My favorite no-fee credit cards provide lots of perks

A credit card that offers cash rewards, a low interest rate and no annual fee? What’s the catch? There might not be one – you may just have scored a good deal.

The best credit cards are the cheapest credit cards and annual fees are often the biggest out-of-pocket expense for consumers who never, or rarely, carry a balance.

They range from $80 or $90 for a typical airline reward card to $500 for prestige cards that cater to the famous and well-to-do — and those who think the card will make them appear famous and well-to-do.

Don’t be fooled by offers that waive the fee for the first year. You’ll forget about it and then 13 months later find a $200 fee charged to your account.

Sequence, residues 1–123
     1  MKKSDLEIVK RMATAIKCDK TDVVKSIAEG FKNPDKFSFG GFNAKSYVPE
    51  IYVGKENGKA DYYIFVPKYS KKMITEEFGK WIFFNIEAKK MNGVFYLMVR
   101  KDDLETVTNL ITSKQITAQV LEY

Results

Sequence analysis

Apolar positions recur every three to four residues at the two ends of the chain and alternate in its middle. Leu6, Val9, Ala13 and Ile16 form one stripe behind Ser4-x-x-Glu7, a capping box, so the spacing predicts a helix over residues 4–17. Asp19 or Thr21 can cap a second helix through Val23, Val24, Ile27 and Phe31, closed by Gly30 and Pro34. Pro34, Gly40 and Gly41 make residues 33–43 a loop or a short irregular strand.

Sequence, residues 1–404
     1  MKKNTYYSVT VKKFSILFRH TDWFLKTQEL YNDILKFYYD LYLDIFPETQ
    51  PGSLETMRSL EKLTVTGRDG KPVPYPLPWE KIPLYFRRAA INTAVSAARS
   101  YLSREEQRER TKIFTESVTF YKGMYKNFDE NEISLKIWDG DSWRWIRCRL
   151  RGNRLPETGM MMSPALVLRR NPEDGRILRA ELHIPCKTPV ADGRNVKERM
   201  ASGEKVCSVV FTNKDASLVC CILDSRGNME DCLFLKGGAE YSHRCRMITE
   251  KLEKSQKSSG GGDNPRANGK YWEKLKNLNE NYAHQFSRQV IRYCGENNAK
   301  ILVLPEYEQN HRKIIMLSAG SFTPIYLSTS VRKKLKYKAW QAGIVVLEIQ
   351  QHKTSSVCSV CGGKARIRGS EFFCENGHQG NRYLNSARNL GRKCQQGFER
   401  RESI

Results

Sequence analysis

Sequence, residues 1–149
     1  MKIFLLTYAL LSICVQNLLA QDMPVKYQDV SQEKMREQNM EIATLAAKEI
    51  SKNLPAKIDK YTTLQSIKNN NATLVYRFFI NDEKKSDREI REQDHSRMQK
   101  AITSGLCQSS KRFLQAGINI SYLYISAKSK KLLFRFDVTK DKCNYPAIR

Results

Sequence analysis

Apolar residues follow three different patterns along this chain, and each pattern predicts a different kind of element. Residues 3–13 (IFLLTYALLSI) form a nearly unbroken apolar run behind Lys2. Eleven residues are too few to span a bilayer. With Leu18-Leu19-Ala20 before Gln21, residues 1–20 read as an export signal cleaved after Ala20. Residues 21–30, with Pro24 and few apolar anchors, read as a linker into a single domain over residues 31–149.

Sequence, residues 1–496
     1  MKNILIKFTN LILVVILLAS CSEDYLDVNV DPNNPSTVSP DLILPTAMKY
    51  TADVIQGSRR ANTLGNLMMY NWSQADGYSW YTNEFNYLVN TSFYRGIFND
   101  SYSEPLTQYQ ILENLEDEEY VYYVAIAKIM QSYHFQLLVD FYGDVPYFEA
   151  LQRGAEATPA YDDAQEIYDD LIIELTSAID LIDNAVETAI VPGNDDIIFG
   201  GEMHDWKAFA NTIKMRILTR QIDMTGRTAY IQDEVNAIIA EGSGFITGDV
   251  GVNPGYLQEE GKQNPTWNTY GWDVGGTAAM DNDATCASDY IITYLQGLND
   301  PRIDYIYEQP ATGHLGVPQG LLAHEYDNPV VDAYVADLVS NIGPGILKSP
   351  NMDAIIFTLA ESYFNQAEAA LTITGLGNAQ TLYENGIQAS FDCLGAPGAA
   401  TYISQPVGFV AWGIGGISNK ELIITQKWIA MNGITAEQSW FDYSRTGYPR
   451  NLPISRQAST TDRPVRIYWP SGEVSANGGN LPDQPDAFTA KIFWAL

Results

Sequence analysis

So I’ve been shopping around for the best credit cards with no annual fees.

I found some incredibly attractive terms. Up to 5% cash back on purchases. No interest and even no fees on balance transfers. Introductory interest rates of 0% on purchases and regular interest rates as low as 10.9%. Even a sign-up bonus.

Could one of these be the perfect plastic companion for you?
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How to save money and avoid birthday party drama

The school year’s well underway and the weekly birthday party invitations are pouring in.

If you’ve got a couple of kids in school, with 20 to 30 children in each of their classes, the birthday party circuit can get very expensive, very quickly.

If you don’t want to add a line item into your budget to cover kid gifts and party items, or become that party pooper parent, here’s a game plan for keeping birthday spending in perspective.

When you’re the guest…